Residential facilities as private businesses

On the negative side we saw residential facilities set up as private businesses. Owners encourage families to bring children in promising, for instance, better education so they could make money from donors.

Some donors are individuals: in Nepal, trekkers visit a so-called orphanage, become friends of the ‘orphanage’ and go back to Europe or North America to raise money for it, sometimes through a small firm or church. But over 95% of the children have families, and if families were supported with this money they wouldn’t give up children in the first place.

To me, this was the most worrying finding. The lack of knowledge that donors have in the western world of where their money is actually going to needs to be addressed, and promptly.

Voices of children

What was absolutely crucial as part of the research process, was listening to and understanding the voices of the young people themselves. We heard from more than 170 children and young people. The priority for all was family, even for those from very poor families or at risk of harm. They wanted their families supported so they could go back after a period of being in care. They usually stay in the care system until they are 16 at least. Once they leave care, they are homeless, with no network or social skills, and their families don’t know them. This is hugely challenging and is a vicious circle that needs broken.

Towards a better future

The European Union has worked tirelessly for years in central and Eastern Europe and former Soviet Union countries to eliminate large residential institutions for children. They now wants to take the lessons learned to other places, hence why we embarked on this project.

In the past 10 to 15 years many countries have developed a legal and policy framework around looked-after children but, as explored above, we found the real challenge is implementing those rules.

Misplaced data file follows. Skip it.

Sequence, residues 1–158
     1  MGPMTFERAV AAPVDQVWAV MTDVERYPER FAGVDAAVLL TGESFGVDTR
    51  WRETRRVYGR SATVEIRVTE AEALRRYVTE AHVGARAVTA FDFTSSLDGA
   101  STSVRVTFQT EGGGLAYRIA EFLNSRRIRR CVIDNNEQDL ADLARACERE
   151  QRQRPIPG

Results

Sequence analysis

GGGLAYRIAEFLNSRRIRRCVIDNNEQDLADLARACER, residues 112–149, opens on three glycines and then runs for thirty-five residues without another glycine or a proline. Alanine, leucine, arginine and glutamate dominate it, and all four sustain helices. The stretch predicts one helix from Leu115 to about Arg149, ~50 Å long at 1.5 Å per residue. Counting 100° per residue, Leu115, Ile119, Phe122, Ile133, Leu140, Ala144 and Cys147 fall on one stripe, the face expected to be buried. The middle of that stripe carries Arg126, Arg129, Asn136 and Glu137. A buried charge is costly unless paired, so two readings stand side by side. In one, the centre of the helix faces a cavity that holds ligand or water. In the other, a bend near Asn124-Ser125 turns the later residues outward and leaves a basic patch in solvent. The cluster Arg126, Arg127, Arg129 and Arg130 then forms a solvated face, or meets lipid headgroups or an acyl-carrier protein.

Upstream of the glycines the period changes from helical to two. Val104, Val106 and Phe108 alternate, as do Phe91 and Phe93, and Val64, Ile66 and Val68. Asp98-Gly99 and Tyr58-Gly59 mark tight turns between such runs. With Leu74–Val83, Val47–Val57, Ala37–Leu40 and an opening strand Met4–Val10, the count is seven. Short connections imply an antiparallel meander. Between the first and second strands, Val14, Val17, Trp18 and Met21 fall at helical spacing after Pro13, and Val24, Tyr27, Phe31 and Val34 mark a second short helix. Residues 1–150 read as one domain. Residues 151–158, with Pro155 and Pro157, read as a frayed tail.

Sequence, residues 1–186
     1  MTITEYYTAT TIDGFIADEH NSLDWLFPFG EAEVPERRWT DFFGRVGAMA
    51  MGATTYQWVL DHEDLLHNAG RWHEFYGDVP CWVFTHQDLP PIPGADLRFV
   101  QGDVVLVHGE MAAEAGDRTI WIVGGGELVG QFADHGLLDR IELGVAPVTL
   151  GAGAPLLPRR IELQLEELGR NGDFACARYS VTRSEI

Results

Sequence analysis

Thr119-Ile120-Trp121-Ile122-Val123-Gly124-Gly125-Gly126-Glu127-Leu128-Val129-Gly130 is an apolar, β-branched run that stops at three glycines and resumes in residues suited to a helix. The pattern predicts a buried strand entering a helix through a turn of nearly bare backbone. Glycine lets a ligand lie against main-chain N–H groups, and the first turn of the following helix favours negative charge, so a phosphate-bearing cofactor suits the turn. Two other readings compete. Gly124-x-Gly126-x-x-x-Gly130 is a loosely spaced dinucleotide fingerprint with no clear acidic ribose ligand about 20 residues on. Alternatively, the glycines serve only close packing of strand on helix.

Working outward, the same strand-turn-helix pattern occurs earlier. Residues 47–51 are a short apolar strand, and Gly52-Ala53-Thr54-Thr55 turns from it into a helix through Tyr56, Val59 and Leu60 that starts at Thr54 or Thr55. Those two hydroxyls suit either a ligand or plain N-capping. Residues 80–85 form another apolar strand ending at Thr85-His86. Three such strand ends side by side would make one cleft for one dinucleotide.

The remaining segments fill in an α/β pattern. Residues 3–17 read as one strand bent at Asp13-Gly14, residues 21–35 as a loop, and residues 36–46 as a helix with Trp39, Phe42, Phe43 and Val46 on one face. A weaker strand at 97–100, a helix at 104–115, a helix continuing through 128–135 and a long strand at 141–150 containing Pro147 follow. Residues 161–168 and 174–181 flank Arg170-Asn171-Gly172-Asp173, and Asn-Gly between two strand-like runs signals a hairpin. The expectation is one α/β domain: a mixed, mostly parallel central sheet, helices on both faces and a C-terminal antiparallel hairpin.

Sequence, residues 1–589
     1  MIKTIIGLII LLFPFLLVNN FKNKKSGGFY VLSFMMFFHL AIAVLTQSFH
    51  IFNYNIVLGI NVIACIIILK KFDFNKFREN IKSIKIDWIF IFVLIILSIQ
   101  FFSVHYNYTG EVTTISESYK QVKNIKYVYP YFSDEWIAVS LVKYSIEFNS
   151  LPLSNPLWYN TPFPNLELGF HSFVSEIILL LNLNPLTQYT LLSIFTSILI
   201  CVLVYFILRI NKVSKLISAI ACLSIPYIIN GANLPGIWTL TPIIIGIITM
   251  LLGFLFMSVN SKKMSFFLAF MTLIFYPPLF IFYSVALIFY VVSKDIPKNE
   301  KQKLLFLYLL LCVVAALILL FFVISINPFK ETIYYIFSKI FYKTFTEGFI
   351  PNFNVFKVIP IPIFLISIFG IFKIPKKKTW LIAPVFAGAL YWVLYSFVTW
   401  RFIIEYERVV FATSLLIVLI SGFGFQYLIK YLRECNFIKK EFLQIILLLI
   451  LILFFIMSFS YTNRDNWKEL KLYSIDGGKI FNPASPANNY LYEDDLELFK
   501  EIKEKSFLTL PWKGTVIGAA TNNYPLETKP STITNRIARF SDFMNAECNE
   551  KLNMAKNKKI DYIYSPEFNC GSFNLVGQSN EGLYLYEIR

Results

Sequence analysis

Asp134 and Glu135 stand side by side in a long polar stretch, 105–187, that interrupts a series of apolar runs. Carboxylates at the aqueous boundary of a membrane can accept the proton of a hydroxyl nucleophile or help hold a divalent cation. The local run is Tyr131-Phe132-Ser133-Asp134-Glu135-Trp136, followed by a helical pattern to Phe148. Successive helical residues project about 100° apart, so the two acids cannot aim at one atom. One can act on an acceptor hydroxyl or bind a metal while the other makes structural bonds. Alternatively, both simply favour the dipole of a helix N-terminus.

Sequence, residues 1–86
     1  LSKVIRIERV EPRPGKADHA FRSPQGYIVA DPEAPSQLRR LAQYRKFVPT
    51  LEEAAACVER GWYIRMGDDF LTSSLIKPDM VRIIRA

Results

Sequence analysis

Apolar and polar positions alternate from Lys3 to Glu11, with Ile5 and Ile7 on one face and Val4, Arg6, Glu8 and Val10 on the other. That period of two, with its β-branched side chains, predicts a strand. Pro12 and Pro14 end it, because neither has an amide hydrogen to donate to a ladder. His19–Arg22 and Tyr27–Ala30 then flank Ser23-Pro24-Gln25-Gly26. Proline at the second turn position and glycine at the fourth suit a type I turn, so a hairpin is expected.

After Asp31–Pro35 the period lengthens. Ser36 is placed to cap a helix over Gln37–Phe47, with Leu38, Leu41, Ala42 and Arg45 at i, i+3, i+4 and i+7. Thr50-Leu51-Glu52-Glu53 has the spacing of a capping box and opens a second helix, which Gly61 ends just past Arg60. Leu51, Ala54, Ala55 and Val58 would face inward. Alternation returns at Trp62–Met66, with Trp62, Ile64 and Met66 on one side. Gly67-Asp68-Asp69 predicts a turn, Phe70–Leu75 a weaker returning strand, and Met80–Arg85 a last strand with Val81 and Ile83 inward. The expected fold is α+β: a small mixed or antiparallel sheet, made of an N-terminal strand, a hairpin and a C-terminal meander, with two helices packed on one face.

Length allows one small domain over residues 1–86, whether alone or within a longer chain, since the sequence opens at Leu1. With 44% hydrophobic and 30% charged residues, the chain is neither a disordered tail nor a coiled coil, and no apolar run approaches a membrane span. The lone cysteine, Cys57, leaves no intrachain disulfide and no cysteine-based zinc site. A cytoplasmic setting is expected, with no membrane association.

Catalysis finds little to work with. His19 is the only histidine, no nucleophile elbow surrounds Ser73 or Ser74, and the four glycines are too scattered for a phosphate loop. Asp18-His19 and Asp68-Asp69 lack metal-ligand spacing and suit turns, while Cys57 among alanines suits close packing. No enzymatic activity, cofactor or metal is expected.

We have gained real insight into how to improve things, which has led to recommendations we hope make a positive and lasting difference to children all over the world. One of the most crucial of these being that the European Commission should educate donors to stop the flow of money from developed countries to harmful institutions.

It’s about gatekeeping: services should prevent the gate opening unnecessarily for children to go into alternative care, and open it for children to come out. The EU is committed to making positive changes for children at risk of separation from their families or already in alternative care: this research is a first step to informing future policy and galvanising resources to make those changes.

Dr Chrissie Gale is international lead at CELCIS (the Centre for Excellence for Looked After Children in Scotland), part of the University of Strathclyde.

The views expressed in this post are those of the author and in no way reflect those of the International Development LSE blog or the London School of Economics and Political Science.

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Dipa Patel